#1 Progressivism vs. the Pursuit of Happiness by algernonpj 13.07.2015 11:11


Long interesting read .

March 30, 2014
Progressivism vs. the Pursuit of Happiness
By Daren Jonescu

Self-interest is good -- not because it "raises the general standard of living" or "makes workers more productive." If it did neither of these things, it would still be good for a more fundamental reason, namely that it is the proper motivation of our nature as human beings. In short, self-interest is moral.

Most public discussion today, however, occurs within the moral paradigm established by our universal progressive indoctrination. Even principled people who wish to defend liberty often find themselves in muddled and unwinnable debates, having unwittingly accepted progressive moral premises.

The progressive paradigm is diffuse and sophisticated, but it may be summarized in one thought, namely that individuals exist for the State, rather than the State for individuals. This is not a new idea, on its face; what is new is that this idea, which used to be called tyranny, has been recast as morality. An alliance of serious thinkers and clever subversives has fundamentally shifted the burden of proof in moral matters to favor the presumption of collective authority over every aspect of life. This deep-seated principle reduces everyone who has not radically purged himself of it to the Pyrrhic position of arguing that the slackening of government control is justifiable because it will benefit the State in some way -- defending freedom as a more efficient way of achieving tyrannical goals, rather than as our birthright.

Understanding precisely how the burden of moral proof was shifted, and how this shift has distorted political debate, is essential to any hope of eventually regaining a proper perspective.

An intellectual tradition developed in earliest modernity framed our epoch's basic political question as, in effect, "Why do free men need a government?" Hence the famous "state of nature" theories, the vocabulary of "natural rights" and "social contracts," and the gradual establishment of the principles of limited government.

Today, progressivism, having fed mankind through its educational, artistic, and bureaucratic meat-grinder, has supplanted modernity's basic political question with a new one: "Why does a government need free men?"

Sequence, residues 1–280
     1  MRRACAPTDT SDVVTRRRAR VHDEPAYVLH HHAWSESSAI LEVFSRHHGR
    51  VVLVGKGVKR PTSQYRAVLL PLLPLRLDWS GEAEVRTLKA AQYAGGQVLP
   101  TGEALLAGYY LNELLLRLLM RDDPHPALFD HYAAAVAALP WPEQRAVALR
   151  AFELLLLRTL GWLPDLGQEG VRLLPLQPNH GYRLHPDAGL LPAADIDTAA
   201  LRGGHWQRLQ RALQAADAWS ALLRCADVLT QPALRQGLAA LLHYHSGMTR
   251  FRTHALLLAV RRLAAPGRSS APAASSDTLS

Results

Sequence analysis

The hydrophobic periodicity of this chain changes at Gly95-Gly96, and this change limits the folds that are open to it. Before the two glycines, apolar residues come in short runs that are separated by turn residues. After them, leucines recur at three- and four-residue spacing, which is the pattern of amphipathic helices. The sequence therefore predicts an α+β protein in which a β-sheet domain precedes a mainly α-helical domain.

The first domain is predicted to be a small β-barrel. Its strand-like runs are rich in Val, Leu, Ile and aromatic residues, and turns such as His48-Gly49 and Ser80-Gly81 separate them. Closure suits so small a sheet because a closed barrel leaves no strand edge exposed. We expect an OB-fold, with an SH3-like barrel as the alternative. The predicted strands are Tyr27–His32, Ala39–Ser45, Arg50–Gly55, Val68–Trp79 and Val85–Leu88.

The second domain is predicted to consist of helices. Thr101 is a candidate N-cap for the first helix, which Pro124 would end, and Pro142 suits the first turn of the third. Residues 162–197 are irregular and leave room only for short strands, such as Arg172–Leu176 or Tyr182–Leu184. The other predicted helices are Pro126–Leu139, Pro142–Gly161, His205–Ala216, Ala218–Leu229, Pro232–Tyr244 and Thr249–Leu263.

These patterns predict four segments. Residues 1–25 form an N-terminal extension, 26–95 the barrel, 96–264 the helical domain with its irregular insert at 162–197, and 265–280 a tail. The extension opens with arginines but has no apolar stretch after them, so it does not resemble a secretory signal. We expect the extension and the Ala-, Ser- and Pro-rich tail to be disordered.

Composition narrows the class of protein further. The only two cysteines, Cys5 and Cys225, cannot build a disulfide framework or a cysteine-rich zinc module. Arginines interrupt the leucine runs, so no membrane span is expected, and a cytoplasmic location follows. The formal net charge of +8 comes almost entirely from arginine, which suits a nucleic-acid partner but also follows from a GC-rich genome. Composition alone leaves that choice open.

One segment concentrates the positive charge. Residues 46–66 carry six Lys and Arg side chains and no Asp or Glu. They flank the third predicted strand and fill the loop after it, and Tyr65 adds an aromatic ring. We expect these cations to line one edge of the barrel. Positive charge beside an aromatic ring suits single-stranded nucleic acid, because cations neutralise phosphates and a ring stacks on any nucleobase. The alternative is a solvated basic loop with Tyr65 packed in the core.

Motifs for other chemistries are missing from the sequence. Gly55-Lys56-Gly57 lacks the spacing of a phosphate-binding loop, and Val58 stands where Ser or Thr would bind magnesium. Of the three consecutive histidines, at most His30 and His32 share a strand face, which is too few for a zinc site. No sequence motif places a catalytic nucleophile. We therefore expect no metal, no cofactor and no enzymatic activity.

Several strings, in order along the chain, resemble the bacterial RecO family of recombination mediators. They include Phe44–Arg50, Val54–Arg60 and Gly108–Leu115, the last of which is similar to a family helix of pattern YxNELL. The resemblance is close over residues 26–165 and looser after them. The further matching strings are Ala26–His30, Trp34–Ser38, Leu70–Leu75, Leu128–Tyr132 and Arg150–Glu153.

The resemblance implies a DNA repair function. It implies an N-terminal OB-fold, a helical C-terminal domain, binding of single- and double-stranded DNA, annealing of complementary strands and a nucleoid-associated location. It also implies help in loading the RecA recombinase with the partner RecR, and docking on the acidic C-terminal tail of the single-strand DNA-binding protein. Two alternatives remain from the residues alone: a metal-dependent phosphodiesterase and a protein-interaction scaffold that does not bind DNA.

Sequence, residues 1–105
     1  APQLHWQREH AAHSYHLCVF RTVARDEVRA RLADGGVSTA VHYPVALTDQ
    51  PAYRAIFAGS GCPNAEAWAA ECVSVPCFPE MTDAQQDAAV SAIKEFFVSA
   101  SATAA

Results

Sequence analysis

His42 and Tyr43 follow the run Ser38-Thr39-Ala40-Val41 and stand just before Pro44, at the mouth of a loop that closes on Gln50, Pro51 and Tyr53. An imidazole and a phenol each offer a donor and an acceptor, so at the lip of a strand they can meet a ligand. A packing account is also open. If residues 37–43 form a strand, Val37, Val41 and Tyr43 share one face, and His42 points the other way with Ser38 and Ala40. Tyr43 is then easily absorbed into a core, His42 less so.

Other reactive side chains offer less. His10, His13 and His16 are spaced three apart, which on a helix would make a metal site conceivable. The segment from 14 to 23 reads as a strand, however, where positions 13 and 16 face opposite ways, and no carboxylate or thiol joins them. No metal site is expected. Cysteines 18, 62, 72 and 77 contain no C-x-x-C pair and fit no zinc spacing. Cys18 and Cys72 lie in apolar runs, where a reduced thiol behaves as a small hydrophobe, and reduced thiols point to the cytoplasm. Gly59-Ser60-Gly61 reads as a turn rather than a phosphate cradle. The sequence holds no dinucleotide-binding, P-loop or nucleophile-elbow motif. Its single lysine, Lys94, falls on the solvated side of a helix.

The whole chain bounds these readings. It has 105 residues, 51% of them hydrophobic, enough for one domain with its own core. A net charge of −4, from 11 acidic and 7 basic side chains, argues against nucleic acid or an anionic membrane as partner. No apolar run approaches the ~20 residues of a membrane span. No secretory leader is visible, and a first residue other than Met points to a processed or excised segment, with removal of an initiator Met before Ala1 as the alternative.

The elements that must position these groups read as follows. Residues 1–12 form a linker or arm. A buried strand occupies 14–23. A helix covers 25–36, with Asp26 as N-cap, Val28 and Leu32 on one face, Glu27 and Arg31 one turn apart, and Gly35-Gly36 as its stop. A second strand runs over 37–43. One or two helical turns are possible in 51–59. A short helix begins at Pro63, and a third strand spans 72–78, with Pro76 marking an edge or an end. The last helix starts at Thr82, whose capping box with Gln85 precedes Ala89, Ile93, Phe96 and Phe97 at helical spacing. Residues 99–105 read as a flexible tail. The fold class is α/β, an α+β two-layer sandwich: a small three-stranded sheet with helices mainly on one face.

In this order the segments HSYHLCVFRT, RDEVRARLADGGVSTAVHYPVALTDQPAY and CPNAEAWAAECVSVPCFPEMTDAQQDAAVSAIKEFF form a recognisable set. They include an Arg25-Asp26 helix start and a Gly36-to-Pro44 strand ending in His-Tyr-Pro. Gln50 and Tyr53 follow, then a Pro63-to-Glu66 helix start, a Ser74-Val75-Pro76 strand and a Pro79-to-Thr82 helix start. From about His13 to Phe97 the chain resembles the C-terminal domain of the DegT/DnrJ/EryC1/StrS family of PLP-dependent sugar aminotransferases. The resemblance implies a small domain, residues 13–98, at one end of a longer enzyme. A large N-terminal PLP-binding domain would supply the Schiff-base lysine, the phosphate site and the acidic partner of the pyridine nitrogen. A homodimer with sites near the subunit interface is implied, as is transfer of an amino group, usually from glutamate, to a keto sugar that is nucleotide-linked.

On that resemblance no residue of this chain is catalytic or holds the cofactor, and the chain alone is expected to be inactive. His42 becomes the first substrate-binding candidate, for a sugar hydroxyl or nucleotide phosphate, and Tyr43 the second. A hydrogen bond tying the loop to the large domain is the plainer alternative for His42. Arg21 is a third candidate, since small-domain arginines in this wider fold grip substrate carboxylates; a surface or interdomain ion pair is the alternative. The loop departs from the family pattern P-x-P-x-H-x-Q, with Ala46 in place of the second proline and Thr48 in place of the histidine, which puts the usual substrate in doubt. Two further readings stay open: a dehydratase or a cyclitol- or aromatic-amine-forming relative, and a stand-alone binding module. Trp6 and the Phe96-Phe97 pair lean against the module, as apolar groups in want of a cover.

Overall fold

The first question arose from the premise that individual humans and their needs are natural and primary, such that superimpositions of collective authority upon social relations are justified only insofar as these help to advance our rational, pre-governmental ends. The second question, which is implicit in all contemporary politics, arises from the premise that the collective is the primary reality, such that any freedoms individuals are permitted to enjoy are justified only insofar as they serve the collective's ends, as defined by the State.



#2 RE: Progressivism vs. the Pursuit of Happiness by Cincinnatus 13.07.2015 17:12


Excellent article, Algernonpj. I find it interesting that the major culprits he cites, Kant, Fichte, Hegel, Schopenhauer and Marx, are all Germans. There is something in the vater over there which produces such thinking and which ultimately (throw in Nietzsche) produced Hitler, who represents most clearly the results of their combined philosophies (collectivism), or the cult of personality always seen in Communist nations. Their views certainly are certainly not congruent with the American tradition which arises from an entirely different intellectual tradition (the Greeks through Rome through the Anglo-Saxons).

Something else caught my eye in this essay: "If we accept the premise that the pursuit of happiness is immoral (indistinguishable from "greed")..." The very people who are only too happy to tell us you cannot impose your morality on others, are also only too happy to criticize capitalism and free markets on moral grounds (greed), but never economic.

The bottom line on this, however, is something pointed out by the late Dr Fred Schwartz of the Christian Anti-Communism Crusade. These people are elitists to the core and view the rest of humanity as sheep to be herded with them as our shepherds.

#3 RE: Progressivism vs. the Pursuit of Happiness by algernonpj 13.07.2015 17:51


Quote: Cincinnatus wrote in post #2


The bottom line on this, however, is something pointed out by the late Dr Fred Schwartz of the Christian Anti-Communism Crusade. These people are elitists to the core and view the rest of humanity as sheep to be herded with them as our shepherds.

In order to produce a populace that is more easily herded, the elites used the Prussian educational system as a model for our public school system.

......His article, however, goes on to trace the template for our own educational system back to the now vanished, though never to be forgotten, military state of Prussia
The odd fact of a Prussian provenance for our schools pops up again and again once you know to look for it. William James alluded to it many times at the turn of the century. Orestes Brownson, the hero of Christopher Lasch's 1991 book, The True and Only Heaven, was publicly denouncing the Prussianization of American schools back in the 1840s. Horace Mann's "Seventh Annual Report" to the Massachusetts State Board of Education in 1843 is essentially a paean to the land of Frederick the Great and a call for its schooling to be brought here
what shocks is that we should so eagerly have adopted one of the very worst aspects of Prussian culture: an educational system deliberately designed to produce mediocre intellects, to hamstring the inner life, to deny students appreciable leadership skills, and to ensure docile and incomplete citizens - all in order to render the populace "manageable."
Against School
John Gatto

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